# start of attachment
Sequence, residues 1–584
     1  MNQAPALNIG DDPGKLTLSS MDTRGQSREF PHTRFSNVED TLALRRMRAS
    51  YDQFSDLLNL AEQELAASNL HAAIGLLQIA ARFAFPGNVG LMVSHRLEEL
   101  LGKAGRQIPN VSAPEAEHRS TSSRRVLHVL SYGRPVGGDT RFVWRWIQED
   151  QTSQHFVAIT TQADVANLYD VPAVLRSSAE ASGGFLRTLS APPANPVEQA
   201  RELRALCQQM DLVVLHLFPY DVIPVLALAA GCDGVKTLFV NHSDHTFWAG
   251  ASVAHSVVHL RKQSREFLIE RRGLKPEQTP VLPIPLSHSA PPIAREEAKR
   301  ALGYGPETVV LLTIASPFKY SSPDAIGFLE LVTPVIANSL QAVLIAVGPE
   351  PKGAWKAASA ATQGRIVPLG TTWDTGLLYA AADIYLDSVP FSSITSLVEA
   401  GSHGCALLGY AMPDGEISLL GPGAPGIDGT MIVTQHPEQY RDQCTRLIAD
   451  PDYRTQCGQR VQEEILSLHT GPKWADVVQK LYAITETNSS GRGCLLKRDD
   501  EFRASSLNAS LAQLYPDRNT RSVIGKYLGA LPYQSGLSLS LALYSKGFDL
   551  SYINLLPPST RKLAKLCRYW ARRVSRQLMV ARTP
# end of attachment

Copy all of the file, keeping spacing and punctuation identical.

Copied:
Sequence, residues 1–584
     1  MNQAPALNIG DDPGKLTLSS MDTRGQSREF PHTRFSNVED TLALRRMRAS
    51  YDQFSDLLNL AEQELAASNL HAAIGLLQIA ARFAFPGNVG LMVSHRLEEL
   101  LGKAGRQIPN VSAPEAEHRS TSSRRVLHVL SYGRPVGGDT RFVWRWIQED
   151  QTSQHFVAIT TQADVANLYD VPAVLRSSAE ASGGFLRTLS APPANPVEQA
   201  RELRALCQQM DLVVLHLFPY DVIPVLALAA GCDGVKTLFV NHSDHTFWAG
   251  ASVAHSVVHL RKQSREFLIE RRGLKPEQTP VLPIPLSHSA PPIAREEAKR
   301  ALGYGPETVV LLTIASPFKY SSPDAIGFLE LVTPVIANSL QAVLIAVGPE
   351  PKGAWKAASA ATQGRIVPLG TTWDTGLLYA AADIYLDSVP FSSITSLVEA
   401  GSHGCALLGY AMPDGEISLL GPGAPGIDGT MIVTQHPEQY RDQCTRLIAD
   451  PDYRTQCGQR VQEEILSLHT GPKWADVVQK LYAITETNSS GRGCLLKRDD
   501  EFRASSLNAS LAQLYPDRNT RSVIGKYLGA LPYQSGLSLS LALYSKGFDL
   551  SYINLLPPST RKLAKLCRYW ARRVSRQLMV ARTP